Many years ago the SETI@home project was born. I think the idea came from some earlier projects that harnessed people’s computers when they were idle to calculate Pi to a new record. SETI@home sifted through radio telescope data for signals from ET. The amount of data was huge, the calculations more so. The answer was to use distributed computing: you signed up and then when your computer was idle it worked on a small part of the problem, The SETI@home project then put the bits together and managed the entire dataset. The idea took off, lots of people joined and then some new projects arose, all needing vast amounts of computing power.
Then software changed and I lost track of this, until a week or so ago when SETI@home sent me an e-mail. Now they use the open source BOINC platform, which you download onto your computer. You then choose a project(s) you would like to contribute to and that is it.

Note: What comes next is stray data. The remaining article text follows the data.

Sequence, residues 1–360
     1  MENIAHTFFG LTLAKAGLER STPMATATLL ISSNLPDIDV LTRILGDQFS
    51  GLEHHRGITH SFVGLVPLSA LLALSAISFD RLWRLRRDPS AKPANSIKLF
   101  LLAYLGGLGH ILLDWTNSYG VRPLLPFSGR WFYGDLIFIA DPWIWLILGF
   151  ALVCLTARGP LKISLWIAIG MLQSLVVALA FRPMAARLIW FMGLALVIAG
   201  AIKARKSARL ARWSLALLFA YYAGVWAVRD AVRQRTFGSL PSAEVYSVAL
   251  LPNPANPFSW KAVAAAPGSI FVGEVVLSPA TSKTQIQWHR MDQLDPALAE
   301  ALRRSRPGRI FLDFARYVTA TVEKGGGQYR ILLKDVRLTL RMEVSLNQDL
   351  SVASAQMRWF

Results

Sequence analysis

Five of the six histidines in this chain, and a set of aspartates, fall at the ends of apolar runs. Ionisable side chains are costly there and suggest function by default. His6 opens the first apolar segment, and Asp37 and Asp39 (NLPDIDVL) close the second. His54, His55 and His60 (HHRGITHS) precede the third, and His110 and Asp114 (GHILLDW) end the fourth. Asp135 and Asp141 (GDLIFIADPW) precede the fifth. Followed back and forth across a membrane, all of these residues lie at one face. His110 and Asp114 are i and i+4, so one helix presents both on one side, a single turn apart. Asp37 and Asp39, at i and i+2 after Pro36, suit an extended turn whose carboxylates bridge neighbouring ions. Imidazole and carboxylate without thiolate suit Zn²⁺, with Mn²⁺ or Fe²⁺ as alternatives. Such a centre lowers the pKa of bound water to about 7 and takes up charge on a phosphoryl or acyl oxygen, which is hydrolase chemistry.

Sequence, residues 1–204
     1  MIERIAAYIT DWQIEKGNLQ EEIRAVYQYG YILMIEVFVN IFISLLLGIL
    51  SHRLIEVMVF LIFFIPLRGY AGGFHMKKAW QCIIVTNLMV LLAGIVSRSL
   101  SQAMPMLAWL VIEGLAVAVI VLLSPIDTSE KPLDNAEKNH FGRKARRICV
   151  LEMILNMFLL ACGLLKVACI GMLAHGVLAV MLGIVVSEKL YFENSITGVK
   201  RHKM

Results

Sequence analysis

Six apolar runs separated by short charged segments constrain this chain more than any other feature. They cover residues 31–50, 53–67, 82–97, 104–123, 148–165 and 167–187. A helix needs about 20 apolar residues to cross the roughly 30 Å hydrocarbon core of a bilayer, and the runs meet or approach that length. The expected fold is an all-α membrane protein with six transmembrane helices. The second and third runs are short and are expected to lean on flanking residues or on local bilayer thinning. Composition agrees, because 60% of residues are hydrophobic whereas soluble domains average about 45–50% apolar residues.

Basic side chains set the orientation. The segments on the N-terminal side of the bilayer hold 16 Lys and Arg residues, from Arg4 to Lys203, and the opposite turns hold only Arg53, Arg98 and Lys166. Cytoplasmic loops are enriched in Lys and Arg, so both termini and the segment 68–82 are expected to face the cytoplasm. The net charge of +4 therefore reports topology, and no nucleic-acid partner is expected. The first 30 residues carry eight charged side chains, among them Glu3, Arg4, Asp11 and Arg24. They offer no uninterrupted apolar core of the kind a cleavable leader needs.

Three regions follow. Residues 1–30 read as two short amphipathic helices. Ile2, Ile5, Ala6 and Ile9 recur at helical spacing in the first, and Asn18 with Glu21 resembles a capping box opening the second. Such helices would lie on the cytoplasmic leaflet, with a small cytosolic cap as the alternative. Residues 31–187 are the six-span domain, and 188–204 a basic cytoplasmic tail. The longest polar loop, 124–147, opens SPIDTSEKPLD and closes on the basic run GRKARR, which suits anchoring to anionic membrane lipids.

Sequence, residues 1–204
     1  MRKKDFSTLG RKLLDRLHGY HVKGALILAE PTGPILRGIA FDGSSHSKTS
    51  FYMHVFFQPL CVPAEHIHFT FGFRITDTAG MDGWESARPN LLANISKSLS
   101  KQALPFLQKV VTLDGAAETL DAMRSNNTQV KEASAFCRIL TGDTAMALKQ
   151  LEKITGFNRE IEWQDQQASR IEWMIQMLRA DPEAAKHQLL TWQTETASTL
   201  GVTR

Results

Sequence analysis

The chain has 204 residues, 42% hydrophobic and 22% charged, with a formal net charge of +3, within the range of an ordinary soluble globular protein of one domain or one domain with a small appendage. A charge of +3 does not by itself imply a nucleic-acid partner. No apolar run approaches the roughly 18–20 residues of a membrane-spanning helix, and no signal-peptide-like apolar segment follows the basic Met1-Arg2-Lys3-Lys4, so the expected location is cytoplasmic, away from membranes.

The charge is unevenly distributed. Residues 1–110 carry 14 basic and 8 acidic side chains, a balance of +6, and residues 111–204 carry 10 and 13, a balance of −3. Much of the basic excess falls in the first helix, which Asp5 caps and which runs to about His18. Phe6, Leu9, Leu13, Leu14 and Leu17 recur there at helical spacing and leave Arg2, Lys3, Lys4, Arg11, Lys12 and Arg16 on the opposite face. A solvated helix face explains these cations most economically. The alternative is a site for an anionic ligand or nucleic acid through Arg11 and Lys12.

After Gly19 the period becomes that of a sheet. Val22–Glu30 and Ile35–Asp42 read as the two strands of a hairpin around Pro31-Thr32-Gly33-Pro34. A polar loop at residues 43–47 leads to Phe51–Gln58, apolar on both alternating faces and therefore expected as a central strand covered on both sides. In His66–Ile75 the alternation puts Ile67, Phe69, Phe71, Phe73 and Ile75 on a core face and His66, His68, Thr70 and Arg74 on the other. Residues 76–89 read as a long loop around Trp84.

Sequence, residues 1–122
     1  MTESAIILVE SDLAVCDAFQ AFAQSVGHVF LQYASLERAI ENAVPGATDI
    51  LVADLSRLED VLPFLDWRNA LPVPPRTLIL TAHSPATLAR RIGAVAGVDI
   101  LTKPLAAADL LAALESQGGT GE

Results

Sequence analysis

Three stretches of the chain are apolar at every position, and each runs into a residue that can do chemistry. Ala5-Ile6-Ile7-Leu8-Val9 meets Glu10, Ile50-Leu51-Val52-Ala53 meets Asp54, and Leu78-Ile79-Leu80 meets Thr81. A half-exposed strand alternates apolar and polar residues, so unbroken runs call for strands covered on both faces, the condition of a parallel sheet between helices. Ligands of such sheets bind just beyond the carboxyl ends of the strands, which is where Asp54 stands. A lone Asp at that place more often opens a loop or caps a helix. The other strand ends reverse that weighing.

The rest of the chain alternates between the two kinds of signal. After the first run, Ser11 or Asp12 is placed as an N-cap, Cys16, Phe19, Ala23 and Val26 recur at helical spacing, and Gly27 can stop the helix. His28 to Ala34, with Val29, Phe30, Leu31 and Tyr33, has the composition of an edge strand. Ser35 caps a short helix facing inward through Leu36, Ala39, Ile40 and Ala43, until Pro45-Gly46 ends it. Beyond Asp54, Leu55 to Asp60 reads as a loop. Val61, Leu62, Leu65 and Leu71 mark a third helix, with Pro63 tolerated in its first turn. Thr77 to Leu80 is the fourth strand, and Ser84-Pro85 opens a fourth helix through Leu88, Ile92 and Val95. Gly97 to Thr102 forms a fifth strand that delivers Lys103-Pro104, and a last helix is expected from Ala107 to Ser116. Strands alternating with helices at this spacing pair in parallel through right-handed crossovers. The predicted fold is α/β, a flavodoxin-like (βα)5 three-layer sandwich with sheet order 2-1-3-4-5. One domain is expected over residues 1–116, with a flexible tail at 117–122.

So far I am very impressed by BOINC. Seamless and does not get in the way at all – in fact it is quite “retiring” in terms of using processor time.
So which problem(s)? A matter of taste, though SETI@home captures my imagination. Happily, one can contribute to more than one and with our computers doing virtually nothing most of the time (writing this consumes very little of the resource of my laptop).